At the entrance to the March Lebanon office in Beirut on an adjacent shelf sits an eclectic CD collection including Frank Sinatra (Banned: Zionist tendencies)
Sinatra was a Zionist Catholic:
March, a Lebanese NGO and the owners of this collection, have been documenting these obscure and arbitrary censorship practices in Lebanon via their Virtual Museum of Censorship since the group was founded in 2011. To describe their findings as bizarre would be an understatement.
Criteria for censorship listed in one of March’s publications seem unhelpfully broad:
– Offensive to the sensitivities of the public
– Propaganda against Lebanese interests
– Disrespectful to public order, morals and good ethics
– Exposing the State to danger
One highly confusing reason for censorship is the 1955 Lebanese Anti-Israeli Boycott law, which outlaws any material related to the State of Israel. Although the law itself targets Israel, rather than Jews, it has been interpreted extremely broadly by some censorship decision-makers. This has resulted in random decisions to ban some movies in which Jewish actors appear while allowing others, and the random black markering of any name that has a Jewish ring to it.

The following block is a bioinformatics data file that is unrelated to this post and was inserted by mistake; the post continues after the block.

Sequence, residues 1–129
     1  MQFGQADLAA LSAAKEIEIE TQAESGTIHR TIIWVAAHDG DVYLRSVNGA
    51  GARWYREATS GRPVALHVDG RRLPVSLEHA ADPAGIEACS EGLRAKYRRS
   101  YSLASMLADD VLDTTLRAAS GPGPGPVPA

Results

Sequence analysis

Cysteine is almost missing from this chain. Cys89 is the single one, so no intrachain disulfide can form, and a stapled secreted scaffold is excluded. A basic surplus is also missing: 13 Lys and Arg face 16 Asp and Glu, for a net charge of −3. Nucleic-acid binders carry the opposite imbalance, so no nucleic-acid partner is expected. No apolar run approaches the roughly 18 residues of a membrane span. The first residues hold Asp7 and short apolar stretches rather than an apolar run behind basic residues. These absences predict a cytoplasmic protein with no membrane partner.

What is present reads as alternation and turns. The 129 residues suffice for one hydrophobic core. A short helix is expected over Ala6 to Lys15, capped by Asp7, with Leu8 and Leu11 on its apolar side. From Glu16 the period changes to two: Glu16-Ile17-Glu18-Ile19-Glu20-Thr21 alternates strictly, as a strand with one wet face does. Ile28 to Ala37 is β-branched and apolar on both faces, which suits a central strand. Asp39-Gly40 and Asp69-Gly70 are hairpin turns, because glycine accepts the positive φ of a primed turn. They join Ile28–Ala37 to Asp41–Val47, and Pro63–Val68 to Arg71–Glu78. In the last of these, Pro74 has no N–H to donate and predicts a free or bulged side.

The Israeli factor also extends to actors, composers or artists who, while not being Jewish, have had some connection to Israel. For example all movies featuring Jane Fonda (banned since visiting Israel in 1982), Elizabeth Taylor (who converted to Judaism) or the music of Frank Sinatra are banned because they have been labeled in Lebanon as supporters of the Israeli state.
“If a non-Israeli person supports Israel and acts in a movie about tomatoes it will be banned,” Baroudi said. “There is a fundamental problem in this way of thinking. Why can’t we watch it? In what way is this promoting Israel or Israeli culture? It’s a big hypocrisy.”
In 2009, The New York Times reported that Francis Ford Coppola was refused entry by airport security after attempting to fly his private jet to Lebanon for the opening of the Beirut Film Festival. The reason, part of the engine was made in Israel. He was forced to land in Damascus and travel overland.
But the biggest issue for groups like March and open-minded Lebanese citizens is that censorship is an insult to their intellect.